Regulators and lenders say that agreements struck this year should make it easier for more Americans to get mortgages in 2015. But one major problem that could hold lending back has yet to be addressed, according to a research paper released by the Urban Institute this week.
The problem: The cost of taking care of delinquent mortgages has gone way up and is on track to get even higher, according to the paper, authored by Laurie Goodman, center director of the Housing Finance Policy Center at Urban.
Last year, on average it cost lenders more than $2,300 per year to service a seriously delinquent mortgage, nearly five times the cost in 2008. By comparison, it cost only $156 annually in 2013 to service a performing loan.
Or to put it another way, more than half of the money spent by a typical lender to service mortgages goes to the 6.7% or so of loans that aren’t performing, according to Urban.
That greatly reduces the incentive for a bank to make a loan to a riskier borrower, even if the ultimate loss after a foreclosure is borne by government-backed entities, such as Fannie Mae, Freddie Mac or the Federal Housing Administration.
So what’s going on? There are several factors making mortgage servicing a hurdle to looser credit, according to Goodman.
1. It’s hard to set prices when you don’t know your costs.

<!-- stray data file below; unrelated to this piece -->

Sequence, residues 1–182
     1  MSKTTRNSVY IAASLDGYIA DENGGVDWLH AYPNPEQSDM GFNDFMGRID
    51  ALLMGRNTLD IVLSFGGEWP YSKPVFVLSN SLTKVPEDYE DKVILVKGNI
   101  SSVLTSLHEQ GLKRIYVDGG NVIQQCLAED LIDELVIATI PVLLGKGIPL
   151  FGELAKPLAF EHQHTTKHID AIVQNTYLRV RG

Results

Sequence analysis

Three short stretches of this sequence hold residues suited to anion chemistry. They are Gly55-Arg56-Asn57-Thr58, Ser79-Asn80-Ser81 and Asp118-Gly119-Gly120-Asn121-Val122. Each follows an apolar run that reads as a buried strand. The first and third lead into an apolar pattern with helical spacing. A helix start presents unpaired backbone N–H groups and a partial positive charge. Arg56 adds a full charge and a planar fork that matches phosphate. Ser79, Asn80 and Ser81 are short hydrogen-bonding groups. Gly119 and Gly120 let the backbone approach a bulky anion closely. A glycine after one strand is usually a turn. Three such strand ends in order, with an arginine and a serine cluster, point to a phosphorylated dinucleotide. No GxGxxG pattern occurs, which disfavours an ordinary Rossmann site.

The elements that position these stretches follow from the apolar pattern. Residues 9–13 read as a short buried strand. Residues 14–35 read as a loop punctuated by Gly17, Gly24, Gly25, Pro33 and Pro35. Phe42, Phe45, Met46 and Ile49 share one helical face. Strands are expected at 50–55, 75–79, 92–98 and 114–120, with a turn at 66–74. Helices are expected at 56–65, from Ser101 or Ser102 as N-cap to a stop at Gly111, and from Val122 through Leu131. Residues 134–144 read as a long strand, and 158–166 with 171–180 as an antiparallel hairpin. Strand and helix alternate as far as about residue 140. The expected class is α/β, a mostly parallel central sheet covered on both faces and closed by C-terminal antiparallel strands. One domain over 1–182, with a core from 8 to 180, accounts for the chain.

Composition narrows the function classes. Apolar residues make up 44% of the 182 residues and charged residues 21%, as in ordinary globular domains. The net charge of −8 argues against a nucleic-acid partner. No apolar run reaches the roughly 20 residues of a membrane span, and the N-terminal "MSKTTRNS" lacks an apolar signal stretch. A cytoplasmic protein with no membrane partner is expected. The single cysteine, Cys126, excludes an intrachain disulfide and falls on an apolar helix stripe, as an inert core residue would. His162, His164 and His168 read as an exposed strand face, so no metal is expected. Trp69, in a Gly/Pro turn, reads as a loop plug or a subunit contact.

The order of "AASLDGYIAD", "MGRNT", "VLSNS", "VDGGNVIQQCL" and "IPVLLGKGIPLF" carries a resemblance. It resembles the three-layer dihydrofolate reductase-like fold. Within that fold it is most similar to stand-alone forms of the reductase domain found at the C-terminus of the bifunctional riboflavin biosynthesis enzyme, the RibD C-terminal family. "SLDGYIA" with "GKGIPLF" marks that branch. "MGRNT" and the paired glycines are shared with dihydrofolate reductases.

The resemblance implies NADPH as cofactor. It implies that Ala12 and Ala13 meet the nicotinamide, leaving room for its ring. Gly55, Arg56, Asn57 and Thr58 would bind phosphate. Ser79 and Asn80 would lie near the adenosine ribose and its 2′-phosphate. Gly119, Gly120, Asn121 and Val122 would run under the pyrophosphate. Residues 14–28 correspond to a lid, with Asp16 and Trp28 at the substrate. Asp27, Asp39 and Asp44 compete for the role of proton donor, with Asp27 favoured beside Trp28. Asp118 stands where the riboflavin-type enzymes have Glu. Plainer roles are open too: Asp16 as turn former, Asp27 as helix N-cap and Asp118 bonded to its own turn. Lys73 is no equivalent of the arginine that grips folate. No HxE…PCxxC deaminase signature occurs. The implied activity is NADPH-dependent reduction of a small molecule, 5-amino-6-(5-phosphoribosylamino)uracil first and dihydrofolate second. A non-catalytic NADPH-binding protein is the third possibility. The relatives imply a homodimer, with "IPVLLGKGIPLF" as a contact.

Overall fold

In a perfect world, if the cost of servicing nonperforming loans was stable, lenders could account for the higher level and charge more to riskier borrowers. Instead, the cost is rising at an uncertain pace. So rather than guess–and risk having their profits wiped out–lenders have thus far found it easier not to make the loans at all.
2. Government agencies have competing priorities.
Fannie, Freddie and the FHA typically want mortgages dealt with in a way that minimizes their losses. On the other hand, many state regulators and agencies such as the Consumer Financial Protection Bureau have been putting in place protections for distressed borrowers that can make it take longer to go through the foreclosure process. That conflict adds costs for servicers.
3. The companies that specialized in servicing delinquent mortgages are in trouble.
After the crisis, some companies smelled a business opportunity. If they could find a way to take care of delinquent mortgages more efficiently, they could buy the rights to service those mortgages from banks at low prices and turn a profit. However, some of those servicers, such as Ocwen Financial Corp., have run afoul of federal and state regulators, bringing the sales of those rights in some cases to a halt.
So, even though lenders and regulators appear to have reached accord in some areas–such as defining what mistakes on making loans can trigger penalties–less creditworthy borrowers might still find it difficult to get a mortgage next year.
“It would be much easier if there was one issue that you could come in and fix for credit availability to expand,” Goodman says. Instead, “it’s a whole lot of little issues that all have to be fixed.”
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